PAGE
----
Ana Muller


  • At 13 years old I started helping my father who was left without his secretary and retoucher. I always liked to see her work retouching on copies, removing imperfections or enhancing other details. That activity plus removing the copies and seeing them come out of the developer got me hooked.  

    My father was inoculating me the trade based on having me reveal his reels and copies, of dealing with clients, of the position of the lights, of understanding the photometer, of putting coffees and ... of bringing him "the dead man" who was the team suitcase. 

    It took me a while to take my first photos. They seemed to me a clumsy imitation of what my father was doing. My youth wanted not to resemble the boss's style and I was looking to find the differences. In the 60s, the great contrasts were carried away with their grain and their angles, and I did to copy them. I liked to portray my friends and if my father liked the result, he would let me display them in the showcase that we had on the street. 

    At 20 years old, I became independent. I was starting to feel professional and had a small portfolio of clients ... food jobs that taught me a lot because of the number of mistakes I made. In the Foto Muller studio there were commercial jobs, weddings, children, communions and a lot of ID photos that I retouched one by one!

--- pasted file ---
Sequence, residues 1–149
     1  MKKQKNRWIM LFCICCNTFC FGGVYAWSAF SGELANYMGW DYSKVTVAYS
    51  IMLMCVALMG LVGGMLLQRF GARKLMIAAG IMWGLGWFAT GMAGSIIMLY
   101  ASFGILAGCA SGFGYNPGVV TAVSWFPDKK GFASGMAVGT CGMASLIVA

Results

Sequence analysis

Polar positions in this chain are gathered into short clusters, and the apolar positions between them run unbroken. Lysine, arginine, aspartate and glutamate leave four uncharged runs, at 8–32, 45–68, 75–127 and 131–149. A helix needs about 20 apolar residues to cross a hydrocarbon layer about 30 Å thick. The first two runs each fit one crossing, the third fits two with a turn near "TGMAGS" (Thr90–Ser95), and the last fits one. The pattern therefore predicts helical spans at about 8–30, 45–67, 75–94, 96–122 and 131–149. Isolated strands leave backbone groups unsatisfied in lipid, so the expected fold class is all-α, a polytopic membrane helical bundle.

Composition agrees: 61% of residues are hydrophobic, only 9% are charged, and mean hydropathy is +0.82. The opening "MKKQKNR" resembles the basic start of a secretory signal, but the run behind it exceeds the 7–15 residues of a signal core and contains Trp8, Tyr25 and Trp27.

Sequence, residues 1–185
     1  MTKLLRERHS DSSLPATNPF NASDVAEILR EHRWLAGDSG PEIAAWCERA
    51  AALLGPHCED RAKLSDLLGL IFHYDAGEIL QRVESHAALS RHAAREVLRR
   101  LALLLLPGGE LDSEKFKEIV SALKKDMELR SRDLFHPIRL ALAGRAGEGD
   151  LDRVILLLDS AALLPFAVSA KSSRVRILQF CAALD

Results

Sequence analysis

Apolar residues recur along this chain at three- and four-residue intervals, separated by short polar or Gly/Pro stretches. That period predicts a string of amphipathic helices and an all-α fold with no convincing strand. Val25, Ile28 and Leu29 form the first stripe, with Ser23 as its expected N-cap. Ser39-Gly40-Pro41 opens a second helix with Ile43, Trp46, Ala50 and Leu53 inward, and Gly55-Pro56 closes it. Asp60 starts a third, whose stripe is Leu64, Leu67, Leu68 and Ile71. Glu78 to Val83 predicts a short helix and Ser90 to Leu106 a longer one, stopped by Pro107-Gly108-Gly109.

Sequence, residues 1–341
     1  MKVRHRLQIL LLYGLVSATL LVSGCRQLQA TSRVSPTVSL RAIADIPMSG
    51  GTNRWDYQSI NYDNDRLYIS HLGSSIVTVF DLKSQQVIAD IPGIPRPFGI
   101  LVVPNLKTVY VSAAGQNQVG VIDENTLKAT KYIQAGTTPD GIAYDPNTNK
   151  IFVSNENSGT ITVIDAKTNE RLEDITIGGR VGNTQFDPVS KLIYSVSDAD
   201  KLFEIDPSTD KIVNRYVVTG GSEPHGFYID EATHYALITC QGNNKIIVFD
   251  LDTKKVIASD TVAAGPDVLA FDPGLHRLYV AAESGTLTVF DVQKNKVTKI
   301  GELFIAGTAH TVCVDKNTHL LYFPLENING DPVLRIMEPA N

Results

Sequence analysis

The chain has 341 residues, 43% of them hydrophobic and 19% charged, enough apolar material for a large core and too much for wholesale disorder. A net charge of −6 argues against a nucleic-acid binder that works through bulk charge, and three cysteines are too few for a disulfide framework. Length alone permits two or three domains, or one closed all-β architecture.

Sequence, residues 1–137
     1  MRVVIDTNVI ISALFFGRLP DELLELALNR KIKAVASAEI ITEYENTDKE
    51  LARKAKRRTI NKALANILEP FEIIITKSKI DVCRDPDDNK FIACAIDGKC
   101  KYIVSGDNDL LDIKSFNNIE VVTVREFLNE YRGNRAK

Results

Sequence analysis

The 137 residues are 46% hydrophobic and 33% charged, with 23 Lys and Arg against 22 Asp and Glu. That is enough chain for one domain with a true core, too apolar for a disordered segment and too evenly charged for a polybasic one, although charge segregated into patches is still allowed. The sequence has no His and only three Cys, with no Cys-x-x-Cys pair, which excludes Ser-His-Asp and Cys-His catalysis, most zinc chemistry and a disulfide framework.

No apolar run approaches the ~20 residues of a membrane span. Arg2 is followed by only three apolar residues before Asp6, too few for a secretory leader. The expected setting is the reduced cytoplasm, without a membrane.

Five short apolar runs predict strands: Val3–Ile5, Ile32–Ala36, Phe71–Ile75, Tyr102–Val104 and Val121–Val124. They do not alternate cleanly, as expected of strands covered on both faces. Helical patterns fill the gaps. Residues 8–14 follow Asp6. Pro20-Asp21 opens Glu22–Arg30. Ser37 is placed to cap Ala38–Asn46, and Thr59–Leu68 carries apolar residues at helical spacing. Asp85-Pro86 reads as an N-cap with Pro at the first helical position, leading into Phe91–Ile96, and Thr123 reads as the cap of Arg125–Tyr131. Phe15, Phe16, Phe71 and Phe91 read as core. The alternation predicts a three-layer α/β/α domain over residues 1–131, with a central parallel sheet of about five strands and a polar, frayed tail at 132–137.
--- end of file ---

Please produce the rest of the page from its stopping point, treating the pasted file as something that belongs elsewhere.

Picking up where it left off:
When I was 25 I made my first exhibitions, portrait and landscape were the main reasons and I was always looking to make my way. The possibility of earning a living playing at being a photographer gradually made me responsible for professionalism and commitment. 

    I have always considered myself an all-rounder. I really enjoyed portraying those who wanted to be portrayed by me, I had fun and made great friends doing weddings, family reunions, society, still photography, press ... but the architecture photo taught me to enhance light, volumes, space and composition. Civil Works ... I have found it exciting to be able to document the construction of unique works made with great human effort and great technical means. All the commissions, I vindicate the commission, they polished me as a professional, stimulated my way of looking and seeing and gave me life. 

    Starting in 2005, I switched to digital, practically from one day to the next and on the way to color photography! That rejuvenated me! I got rid of the weight, the laboratory and the doubts of the final result ... damn great invention, now much more work is done and photography is already something else that goes much further. 

    I boast and thank you for having been able to live from this profession, I know that I will always be my father's daughter and I am very honored, and I know that I will not be distinguished for having invented neither gunpowder nor the lighting system, but my work in a hundred years will show how we were and what we did then and how it was done and with that, it will have been worth it.